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Insurer won't pay, says auth wasn't provided? Prove otherwise!
Your hospital can put a stop to costly penalties
If one of your registrars followed payer requirements to obtain a required authorization, it might become a "he said/she said" situation if the claim is later denied.
When fighting unfair claims denials, "technology can add to your success," says Carol Plato Nicosia, CHFP, CPAM, MBA, administrative director of corporate business services at Martin Memorial Health Systems in Stuart, FL.
"Most of our denials relate to authorization issues," says Nicosia. "Authorizations are the single most costly part of our revenue cycle: obtaining them, documenting them, and fighting with payers over them."
The patient access department at Advocate Condell Medical Center in Libertyville, IL, is seeing a "huge increase in authorization requirements," according to Margie Mukite, director of patient access. "They keep adding different procedures. It is getting overwhelming."
Payers and providers incur additional costs due to the authorization process, adds Nicosia. "The only cost savings is when an insurance company is able to deny the service because of the lack of an authorization," she says. "It sure seems like a lot of wasted effort on both sides."
The most complicated denials occur when the provider has asked for an authorization for a certain CPT code and the actual procedure ends up being something slightly different, says Nicosia. "Those will create a denial that always has to be appealed," she says. "This is a perfect example of wasted money on a process that is totally unnecessary, because the procedure was medically necessary in the first place."
To overturn these denials, Martin Memorial's registrars now record telephone calls regarding authorizations. "These calls, and actual faxes, are indexed to accounts and can be used to help in denial recovery," she says. Registrars take these steps:
Phone numbers and the name of the person spoken to are documented.
All phone calls with payers are recorded.
Any documents received from the payer are scanned to the account for future reference.
If the patient claims he or she does not have insurance, the patient signs a form stating that if insurance is discovered later, it will be the patient's responsibility to appeal the denied claim.
"The most proven method is recording calls," says Nicosia. "Some payers do not like it, so we make sure we put it in our contracts." Within one week of recording calls, registrars were able to prove to a payer that they had indeed performed a timely notification of admission, which meant a $12,000 denied claim was paid, reports Nicosia.
When a payer refuses to pay a valid claim, however, Nicosia says that it is ultimately the patient's responsibility to resolve the matter. "The hospital has provided services and needs to get paid. The business office is only a conduit," she says. "The ultimate responsibility lies with the patient in situations that are not straightforward."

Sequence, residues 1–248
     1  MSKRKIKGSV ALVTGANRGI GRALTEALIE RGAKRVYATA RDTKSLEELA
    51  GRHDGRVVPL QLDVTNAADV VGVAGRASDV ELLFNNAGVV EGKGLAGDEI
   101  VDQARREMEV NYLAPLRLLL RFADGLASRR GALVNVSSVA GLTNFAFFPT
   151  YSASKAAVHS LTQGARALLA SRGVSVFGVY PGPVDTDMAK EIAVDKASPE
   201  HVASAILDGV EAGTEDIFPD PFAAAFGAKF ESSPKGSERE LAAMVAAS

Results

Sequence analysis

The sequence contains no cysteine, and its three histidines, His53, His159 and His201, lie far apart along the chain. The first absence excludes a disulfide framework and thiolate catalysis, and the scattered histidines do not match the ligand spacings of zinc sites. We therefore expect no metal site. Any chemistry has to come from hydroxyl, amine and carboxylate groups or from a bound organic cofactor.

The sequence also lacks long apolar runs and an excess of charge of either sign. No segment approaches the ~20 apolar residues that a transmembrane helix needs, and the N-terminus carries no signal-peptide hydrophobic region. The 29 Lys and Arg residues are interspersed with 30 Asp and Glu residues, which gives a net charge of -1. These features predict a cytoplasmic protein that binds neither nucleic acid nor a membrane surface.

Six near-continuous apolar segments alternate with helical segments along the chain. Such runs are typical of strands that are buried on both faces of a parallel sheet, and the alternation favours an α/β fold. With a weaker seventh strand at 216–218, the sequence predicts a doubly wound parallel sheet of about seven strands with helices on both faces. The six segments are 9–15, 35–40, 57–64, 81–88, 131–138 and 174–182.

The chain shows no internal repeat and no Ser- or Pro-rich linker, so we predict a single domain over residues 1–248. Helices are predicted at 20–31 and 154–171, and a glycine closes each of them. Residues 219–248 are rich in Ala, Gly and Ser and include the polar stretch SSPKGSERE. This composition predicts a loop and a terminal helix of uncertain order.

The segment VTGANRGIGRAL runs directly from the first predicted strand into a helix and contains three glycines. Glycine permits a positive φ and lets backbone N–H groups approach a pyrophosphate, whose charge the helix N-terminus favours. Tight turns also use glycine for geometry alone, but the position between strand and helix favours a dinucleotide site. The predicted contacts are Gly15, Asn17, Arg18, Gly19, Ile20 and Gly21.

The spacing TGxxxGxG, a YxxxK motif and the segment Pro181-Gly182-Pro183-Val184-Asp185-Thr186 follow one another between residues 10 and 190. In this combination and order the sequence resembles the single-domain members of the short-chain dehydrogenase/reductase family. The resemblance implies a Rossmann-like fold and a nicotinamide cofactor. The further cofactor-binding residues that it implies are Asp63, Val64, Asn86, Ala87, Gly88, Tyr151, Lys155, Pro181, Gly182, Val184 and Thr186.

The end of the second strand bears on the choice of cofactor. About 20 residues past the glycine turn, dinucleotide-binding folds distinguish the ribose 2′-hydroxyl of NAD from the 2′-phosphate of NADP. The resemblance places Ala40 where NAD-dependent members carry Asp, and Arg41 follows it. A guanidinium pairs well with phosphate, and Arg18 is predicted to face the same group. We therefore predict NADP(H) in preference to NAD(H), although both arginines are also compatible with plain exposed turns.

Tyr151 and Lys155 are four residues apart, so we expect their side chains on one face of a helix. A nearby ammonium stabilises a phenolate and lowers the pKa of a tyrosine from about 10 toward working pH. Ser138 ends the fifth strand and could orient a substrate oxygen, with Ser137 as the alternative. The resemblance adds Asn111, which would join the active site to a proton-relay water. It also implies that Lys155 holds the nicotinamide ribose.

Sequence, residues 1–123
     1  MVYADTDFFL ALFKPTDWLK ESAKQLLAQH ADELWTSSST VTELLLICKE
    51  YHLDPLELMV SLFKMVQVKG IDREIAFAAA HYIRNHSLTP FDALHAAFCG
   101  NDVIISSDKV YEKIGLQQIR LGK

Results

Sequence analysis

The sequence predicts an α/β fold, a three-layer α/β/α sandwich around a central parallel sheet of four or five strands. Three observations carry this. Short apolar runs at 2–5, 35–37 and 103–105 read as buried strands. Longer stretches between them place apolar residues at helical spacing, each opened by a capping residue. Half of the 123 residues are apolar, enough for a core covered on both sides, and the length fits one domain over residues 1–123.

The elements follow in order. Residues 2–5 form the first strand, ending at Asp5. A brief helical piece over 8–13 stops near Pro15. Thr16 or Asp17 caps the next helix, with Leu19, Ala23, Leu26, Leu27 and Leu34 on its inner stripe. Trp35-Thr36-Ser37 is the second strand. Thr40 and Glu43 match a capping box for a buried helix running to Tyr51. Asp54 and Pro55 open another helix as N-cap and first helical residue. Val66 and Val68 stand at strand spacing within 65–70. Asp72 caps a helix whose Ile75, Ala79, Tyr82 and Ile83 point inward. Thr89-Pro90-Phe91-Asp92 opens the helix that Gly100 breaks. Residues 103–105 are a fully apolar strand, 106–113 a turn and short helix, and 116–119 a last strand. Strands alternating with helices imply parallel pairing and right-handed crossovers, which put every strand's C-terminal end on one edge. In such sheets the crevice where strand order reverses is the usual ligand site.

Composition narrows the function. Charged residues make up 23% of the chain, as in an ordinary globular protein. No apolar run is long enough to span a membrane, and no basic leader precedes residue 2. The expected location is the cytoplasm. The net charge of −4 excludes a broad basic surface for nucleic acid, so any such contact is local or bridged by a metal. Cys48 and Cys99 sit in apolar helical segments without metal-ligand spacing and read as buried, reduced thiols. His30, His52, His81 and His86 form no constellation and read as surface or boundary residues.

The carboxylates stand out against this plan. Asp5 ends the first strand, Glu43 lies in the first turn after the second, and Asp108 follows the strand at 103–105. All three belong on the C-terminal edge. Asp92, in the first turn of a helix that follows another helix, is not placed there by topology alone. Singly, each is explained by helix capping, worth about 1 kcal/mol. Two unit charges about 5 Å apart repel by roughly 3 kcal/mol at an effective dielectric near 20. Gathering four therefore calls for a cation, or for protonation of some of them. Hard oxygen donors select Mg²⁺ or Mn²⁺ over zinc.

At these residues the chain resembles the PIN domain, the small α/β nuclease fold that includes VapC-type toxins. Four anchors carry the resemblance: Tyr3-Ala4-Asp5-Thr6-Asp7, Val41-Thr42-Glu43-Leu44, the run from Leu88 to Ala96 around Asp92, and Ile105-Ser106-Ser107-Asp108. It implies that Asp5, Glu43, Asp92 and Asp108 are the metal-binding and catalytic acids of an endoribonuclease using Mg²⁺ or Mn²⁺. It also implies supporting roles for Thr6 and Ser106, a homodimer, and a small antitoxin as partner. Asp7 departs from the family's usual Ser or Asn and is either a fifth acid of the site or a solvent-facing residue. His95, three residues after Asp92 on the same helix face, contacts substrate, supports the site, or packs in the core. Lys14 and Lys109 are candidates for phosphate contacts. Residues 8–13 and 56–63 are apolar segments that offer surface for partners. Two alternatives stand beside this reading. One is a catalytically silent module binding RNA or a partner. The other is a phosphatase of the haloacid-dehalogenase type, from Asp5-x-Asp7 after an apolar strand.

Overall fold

Recordings are used
Whenever a registrar at University of Louisville (KY) Hospital speaks to anyone at an insurance company, use of a tracking device (Trace, from the White Stone Group, Knoxville, TN) is mandatory, says Mary G. Lawson, BSN, MPA, director of admissions.
"All of our registration areas use it, as well as care coordination, scheduling, the business office, and [Health Information Management]," says Lawson. "This records everything that is said when we are verifying that authorization for that hospitalization or procedure, or notifying the insurance company that a patient has been admitted."
State laws vary, requiring that either one or both parties must be aware of the recording, notes Lawson. "Trace notifies the party we are calling that they are being recorded," she adds.
Registrars document the number of the recording in the patient's chart, says Lawson, and if the claim is later denied, the recording is used by to the hospital's care coordination to appeal it. The same process is used if the notification of a patient's admission occurs after hours and is left on the recorded line of the payer, because the payer might later say they never received notification, says Lawson.
"It sometimes happens that they will say that the episode of care was never opened," she says. "Some insurance companies charge us penalties. It may be a certain amount of money, or they may deny the first day."
When a denial is sent to case managers, they can look at the notes in the patient's case and listen to the recording, says Lawson. "They write their appeal letter based on that information," she says. "We've had very good success with that."
For more information on appealing claims denials, contact:
Mary G. Lawson, BSN, MPA, Director of Admissions, University of Louisville (KY) Hospital. Phone: (502) 562-3393. E-mail: firstname.lastname@example.org.
Margie Mukite, Director of Patient Access, Advocate Condell Medical Center, Libertyville, IL. Phone: (847) 990-6070. E-mail: email@example.com.
Carol Plato Nicosia, CHFP, CPAM, MBA, Administrative Director of Corporate Business Services, Martin Memorial Health Systems, Stuart, FL. Phone: (772) 223-5656. Fax: (772) 223-5622. E-mail: CPlatonicosia@mmhs-fla.org.